Privacy is at the heart of how we've built eesel and you can read all about it in our privacy policy. In this post we're going to look at the network requests eesel makes and verify that:

  • the title, URL and content of pages that you track in eesel will be stored locally on your browser only, and never leave your computer

  • for pages in eesel folders, the title and URL of the pages will additionally be stored securely in eesel servers

Let's get started.

Steps

1. Head to the background page

Let’s first verify that the title, URL and content of pages in eesel are stored locally on your browser only, and never leave your computer. For this, we need to head to the “background page”.

Most browser extensions have a “background page” which is basically the brain of the extension. You can find your local eesel brain here.

It's beautiful, isn't it?

It's beautiful, isn't it?

2. On this page, right click, click Inspect, and switch to the “Network” tab

The Developer Console is a tool that comes with your browser and logs information about what’s happening on the page you’re on. We’ll use the “Network” tab in this a lot, to see the things eesel is receiving and sending.

3. Open eesel in another tab

Make sure you don’t close the background page and it's Network tab. We’ll need to constantly refer back to that to study what's happening in the Network soon.

4. Refresh the eesel new tab, and observe your background page “Network”

It’s time for the magnifying glass (or maybe a Sherlock-esque monocle?). When you refresh your eesel new tab, you'll see different things pop up on the side in your background page’s “Network”.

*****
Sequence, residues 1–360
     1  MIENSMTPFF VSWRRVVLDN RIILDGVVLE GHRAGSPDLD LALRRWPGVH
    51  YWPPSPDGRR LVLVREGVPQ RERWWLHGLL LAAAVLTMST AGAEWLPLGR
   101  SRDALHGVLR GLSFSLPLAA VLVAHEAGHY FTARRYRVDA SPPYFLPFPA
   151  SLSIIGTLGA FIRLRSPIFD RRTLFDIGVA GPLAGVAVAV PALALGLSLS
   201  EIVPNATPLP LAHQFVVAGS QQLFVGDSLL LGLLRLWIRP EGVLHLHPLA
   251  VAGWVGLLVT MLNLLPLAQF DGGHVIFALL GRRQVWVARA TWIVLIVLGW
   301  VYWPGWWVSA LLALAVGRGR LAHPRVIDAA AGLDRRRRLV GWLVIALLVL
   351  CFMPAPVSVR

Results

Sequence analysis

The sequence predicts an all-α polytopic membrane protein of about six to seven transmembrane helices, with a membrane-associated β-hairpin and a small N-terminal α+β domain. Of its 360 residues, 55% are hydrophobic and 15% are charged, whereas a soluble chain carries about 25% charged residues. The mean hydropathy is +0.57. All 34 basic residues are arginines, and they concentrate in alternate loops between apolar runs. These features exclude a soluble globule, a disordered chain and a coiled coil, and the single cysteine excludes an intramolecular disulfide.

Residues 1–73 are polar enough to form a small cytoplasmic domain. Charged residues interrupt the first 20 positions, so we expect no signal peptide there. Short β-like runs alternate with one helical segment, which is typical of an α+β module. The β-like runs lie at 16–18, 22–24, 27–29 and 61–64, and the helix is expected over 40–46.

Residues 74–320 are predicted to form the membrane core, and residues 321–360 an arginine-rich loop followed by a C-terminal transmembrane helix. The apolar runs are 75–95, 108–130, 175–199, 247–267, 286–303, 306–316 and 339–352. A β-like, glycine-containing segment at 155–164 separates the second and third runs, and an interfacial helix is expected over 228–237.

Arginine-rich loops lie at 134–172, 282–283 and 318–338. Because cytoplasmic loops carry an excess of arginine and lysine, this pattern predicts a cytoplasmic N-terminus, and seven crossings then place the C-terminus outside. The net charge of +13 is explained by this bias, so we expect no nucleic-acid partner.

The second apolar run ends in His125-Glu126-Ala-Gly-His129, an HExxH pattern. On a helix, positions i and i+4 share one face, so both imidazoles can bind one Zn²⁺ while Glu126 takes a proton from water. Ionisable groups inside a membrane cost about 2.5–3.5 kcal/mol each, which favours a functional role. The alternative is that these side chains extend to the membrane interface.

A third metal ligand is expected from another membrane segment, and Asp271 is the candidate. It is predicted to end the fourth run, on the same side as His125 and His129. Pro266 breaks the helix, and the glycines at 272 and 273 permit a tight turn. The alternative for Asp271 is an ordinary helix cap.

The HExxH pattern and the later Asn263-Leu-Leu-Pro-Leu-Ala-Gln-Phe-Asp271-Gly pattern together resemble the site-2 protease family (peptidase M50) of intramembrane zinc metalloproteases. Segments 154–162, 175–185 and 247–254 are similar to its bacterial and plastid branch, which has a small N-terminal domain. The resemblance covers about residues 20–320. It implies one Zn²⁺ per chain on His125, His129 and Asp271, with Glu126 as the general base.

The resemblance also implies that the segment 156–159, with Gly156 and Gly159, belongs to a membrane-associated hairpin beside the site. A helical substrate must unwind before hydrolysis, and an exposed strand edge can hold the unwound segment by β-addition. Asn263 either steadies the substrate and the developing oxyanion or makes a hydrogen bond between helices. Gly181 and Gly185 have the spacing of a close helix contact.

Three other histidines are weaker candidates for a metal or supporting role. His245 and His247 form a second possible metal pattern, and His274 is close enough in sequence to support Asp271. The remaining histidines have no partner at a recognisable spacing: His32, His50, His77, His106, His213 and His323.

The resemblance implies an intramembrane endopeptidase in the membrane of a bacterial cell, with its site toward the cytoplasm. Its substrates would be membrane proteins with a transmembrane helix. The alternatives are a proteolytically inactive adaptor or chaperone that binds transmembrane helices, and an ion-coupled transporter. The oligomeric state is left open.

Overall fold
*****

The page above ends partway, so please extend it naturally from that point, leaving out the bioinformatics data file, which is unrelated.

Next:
All these things are basically what eesel is sending and receiving. For instance, you can see an event fired when eesel is opened, and it has associated information like an event name (“documentListViewed”) and “properties” like your “appVersion”.

The “t”, “p”, “i” objects are from Segment which is the tool we use to collect events and attributes. It creates “t” for track events like clicking a filter, “p” for page views like opening the settings page, “i” to associate an anonymous user id to your events. For more on that, read the Segment spec.

5. Refresh your background page and study the “i” events

When you refresh the background page, you’ll see the “i” event in its "Network". When you click into the “traits”, you’ll see some basic information is sent like “appVersion”, “installID”, “createdAt” (when you installed), “documentCount” (the number of docs tracked in your eesel) with this event.

No information about your docs (like your titles, url or content) is being sent.

6. Search, click into a doc and more, and study the “t” and “p” events

So from here, we’re going to interact with eesel in different ways and examine the different events. For instance, here’s the event when I search in eesel.

Notice how an anonymous user id and the event name (“documentSearchUsed”) are sent, but nothing sensitive (like the keywords searched) is sent. Here’s the event when I click into a doc from eesel.

Notice how nothing about the doc (like it’s url, title or content) is sent. Interact with eesel like this in several different ways, see the events and their associated data, and confirm that nothing on your document titles, urls or content is sent with any event. You may want to try clicking different app filters, adding an app and opening your eesel settings.